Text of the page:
Oscar Sosa

Microbial Oceanography Research Lab

Shortcuts:
Methane production in the ocean
Methanogenesis by the C-P lyase pathway
Microbial utilization and competition for phosphates
Publications

Methane production in the ocean

My research seeks to understand the ecological processes that control the microbial production of methane in marine environments. Methane is often supersaturated in marine waters, a phenomenon indicative of in situ biological production, and yet the contribution to methane production by different microbial methanogenic processes identified therein remains largely unconstrained. My lab employs a combined approach of metagenomics, microbial culturing techniques, analytical chemistry, and biogeochemistry to elucidate these processes.

Methanogenesis by the C-P lyase pathway

Of special interest in my lab is a pathway known as the carbon-phosphorus (C-P) lyase, a multi-enzyme complex that breaks down an organophosphorus compound known as methylphosphonate into phosphate and methane. Phosphonates are synthesized by a wide range of organisms, including marine Archaea and Cyanobacteria, and constitute a large fraction of the dissolved organic phosphorus pool in the ocean. The gene encoding C-P lyase, phnJ, is enriched in bacterioplankton populations inhabiting phosphate-depleted surface waters in the Mediterranean Sea and the North Atlantic Subtropical Gyre, where methylphosphonate and other phosphonates are likely an important source of phosphorus for microorganisms. You can read the article here. These marine regions are expected to produce significant amounts of methane annually in response to phosphate stress and methylphosphonate turnover. My goal is to determine the principal processes that control methane production from methylphosphonate and to measure methane concentrations and outputs in surface waters in these marine regions. This research is expected to help constrain and model natural methane emissions from oceanic ecosystems.

Microbial utilization and competition for phosphonates

The C-P lyase enzyme is not the only pathway to break down methylphosphonate. The high-light adapted unicellular photosynthetic cyanobacterium Prochlorococcus strain MIT9301 carries a pair of genes, phnY and phnZ, that code for a phosphonate oxidative pathway that converts methylphosphonate into phosphate and formic acid. You can read the article here. This suggests that methane may not be the only fate of methylphosphonate in the marine environment. Similar to the C-P lyase gene, the phnY and phnZ genes in Prochlorococcus genomes occur at a higher rate in phosphate-depleted marine surface waters that in other ocean regions, indicating that this cyanobacterium may also utilize, and perhaps compete for, methylphosphonates in response to phosphate stress. My lab is currently investigating if and how Prochlorococcus populations can metabolize phosphonates in marine dissolved organic matter.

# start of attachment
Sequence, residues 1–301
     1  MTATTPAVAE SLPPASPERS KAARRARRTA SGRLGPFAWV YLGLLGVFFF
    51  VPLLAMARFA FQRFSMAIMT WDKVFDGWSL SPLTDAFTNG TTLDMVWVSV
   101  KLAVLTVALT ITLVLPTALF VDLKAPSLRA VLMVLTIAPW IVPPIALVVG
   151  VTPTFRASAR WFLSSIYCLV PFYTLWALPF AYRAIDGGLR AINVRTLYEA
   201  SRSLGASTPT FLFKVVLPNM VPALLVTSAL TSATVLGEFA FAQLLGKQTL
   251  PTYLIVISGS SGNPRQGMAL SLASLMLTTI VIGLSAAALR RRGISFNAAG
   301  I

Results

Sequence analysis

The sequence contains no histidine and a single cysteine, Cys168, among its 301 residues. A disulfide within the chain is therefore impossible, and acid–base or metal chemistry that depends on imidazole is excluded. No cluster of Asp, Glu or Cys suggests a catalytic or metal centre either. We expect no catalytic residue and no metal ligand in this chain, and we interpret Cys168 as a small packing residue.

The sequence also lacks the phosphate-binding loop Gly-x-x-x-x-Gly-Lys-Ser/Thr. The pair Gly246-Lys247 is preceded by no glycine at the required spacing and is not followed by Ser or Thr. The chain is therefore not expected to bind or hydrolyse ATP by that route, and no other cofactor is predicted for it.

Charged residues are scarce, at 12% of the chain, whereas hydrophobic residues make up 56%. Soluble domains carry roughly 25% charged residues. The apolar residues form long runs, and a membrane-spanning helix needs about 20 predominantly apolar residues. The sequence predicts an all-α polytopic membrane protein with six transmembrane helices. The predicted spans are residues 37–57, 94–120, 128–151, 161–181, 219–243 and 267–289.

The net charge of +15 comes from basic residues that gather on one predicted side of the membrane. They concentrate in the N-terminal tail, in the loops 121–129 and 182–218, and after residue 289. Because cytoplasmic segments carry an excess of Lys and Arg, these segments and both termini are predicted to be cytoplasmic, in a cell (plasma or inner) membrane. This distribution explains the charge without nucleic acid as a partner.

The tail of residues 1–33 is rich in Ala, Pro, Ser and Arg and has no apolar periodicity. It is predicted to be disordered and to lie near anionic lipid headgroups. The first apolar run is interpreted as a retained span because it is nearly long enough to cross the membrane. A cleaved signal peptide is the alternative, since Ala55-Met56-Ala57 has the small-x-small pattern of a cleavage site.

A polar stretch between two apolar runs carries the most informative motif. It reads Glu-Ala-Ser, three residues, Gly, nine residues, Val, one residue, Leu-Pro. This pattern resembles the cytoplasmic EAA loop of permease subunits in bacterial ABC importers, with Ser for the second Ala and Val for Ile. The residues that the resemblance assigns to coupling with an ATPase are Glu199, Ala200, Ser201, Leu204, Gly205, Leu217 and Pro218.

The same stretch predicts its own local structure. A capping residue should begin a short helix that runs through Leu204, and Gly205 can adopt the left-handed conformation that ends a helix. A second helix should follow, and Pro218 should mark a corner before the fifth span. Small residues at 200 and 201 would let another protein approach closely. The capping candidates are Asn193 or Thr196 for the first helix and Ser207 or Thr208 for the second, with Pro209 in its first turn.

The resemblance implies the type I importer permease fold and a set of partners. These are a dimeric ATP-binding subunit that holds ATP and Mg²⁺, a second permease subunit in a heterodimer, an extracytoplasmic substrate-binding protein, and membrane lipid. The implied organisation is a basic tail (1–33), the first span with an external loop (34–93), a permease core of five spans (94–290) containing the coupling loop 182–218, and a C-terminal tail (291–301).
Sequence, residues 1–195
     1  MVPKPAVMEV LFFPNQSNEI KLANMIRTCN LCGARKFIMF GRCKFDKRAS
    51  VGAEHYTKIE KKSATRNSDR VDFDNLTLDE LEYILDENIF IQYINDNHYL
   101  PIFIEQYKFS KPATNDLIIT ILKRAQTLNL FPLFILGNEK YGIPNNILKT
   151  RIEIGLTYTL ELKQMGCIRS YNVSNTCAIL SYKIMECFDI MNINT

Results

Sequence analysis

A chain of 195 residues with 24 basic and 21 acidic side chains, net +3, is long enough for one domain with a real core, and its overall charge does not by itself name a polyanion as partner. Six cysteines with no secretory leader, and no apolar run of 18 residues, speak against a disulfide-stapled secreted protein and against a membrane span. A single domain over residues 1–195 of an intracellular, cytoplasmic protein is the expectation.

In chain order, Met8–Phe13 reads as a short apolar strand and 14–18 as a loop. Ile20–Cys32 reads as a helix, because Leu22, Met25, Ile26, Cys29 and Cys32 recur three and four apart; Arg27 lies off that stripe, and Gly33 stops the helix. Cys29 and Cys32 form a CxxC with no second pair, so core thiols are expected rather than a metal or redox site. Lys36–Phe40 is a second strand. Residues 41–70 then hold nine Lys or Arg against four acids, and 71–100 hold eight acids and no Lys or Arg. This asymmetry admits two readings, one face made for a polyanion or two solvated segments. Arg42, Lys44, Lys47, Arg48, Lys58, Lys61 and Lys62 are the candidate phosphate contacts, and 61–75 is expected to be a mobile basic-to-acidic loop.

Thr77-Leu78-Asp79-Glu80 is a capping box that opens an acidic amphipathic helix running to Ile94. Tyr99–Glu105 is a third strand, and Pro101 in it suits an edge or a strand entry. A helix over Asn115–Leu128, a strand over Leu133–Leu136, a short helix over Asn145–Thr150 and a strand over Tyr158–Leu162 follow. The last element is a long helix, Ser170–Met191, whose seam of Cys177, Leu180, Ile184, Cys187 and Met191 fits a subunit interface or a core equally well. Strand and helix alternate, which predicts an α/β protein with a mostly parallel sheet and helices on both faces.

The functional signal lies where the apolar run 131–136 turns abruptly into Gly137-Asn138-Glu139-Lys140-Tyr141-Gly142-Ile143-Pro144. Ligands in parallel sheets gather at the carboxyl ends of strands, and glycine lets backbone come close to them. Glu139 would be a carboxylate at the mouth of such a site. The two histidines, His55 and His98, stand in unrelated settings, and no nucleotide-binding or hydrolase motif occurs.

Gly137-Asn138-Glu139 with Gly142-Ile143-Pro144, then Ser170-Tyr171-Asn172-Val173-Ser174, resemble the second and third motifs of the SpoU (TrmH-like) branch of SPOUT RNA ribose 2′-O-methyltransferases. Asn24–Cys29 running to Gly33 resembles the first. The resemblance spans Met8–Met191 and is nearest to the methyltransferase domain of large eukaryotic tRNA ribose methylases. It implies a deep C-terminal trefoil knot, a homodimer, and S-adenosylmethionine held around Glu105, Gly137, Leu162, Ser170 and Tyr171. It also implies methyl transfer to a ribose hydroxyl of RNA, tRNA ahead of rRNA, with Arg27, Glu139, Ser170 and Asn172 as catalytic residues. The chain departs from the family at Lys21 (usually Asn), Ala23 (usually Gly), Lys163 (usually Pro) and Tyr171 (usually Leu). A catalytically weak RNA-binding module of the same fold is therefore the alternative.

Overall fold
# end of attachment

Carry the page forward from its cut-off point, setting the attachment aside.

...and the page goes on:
Publications

Sosa, O. A., J. R. Casey, and D. M. Karl. 2019. Methylphosphonate oxidation in Prochlorococcus strain MIT9301 supports phosphate acquisition, formate excretion, and carbon assimilation into purines. Applied and Environmental Microbiology 85(13): e00289-19. doi:10.1128/aem.00289-19. See article here.

Sosa, O. A., D. J. Repeta, E. F. DeLong, M. D. Ashkezari, and D. M. Karl. 2019. Phosphate‐limited ocean regions select for bacterial populations enriched in the carbon‐phosphorus lyase pathway for phosphonate degradation. Environmental Microbiology 21(7): 2402-2414. doi:10.1111/1462-2920.14628. See article here.

Sosa, O. A. 2017. Phosphorus redox reactions as pinch hitters in microbial metabolism. Proceedings of the National Academy of Sciences of the United States of America 115(1): 7-8. doi:10.1073/pnas.1719600115. See commentary here.

Sosa, O. A., D. J. Repeta, S. Ferrón, J. A. Bryant, D. R. Mende, D. M. Karl, and E. F. DeLong. 2017. Isolation and characterization of bacteria that degrade phosphonates in marine dissolved organic matter. Frontiers in Microbiology 8: 1786. doi:10.3389/fmicb.2017.01786. See article here.

Repeta, D. J., S. Ferrón, O. A. Sosa, C. G. Johnson, L. D. Repeta, M. Acker, E. F. DeLong, and D. M. Karl. 2016. Marine methane paradox explained by bacterial degradation of dissolved organic matter. Nature Geoscience 9: 884–887. doi:10.1038/ngeo2837. See article here.

Gifford, S. M., J. W. Becker, O. A. Sosa, D. J. Repeta, and F. Delong. 2016. Quantitative transcriptomics reveals the growth- and nutrient-dependent response of a streamlined marine methylotroph to methanol and naturally occurring dissolved organic matter. mBio 7: e01279-16. doi:10.1128/mBio.01279-16. See article here.

Sosa, O. A., S. M. Gifford, D. J. Repeta, and E. F. DeLong. 2015. High molecular weight dissolved organic matter enrichment selects for methylotrophs in dilution to extinction cultures. The ISME Journal 9: 2725–2739. doi:10.1038/ismej.2015.68. See article here.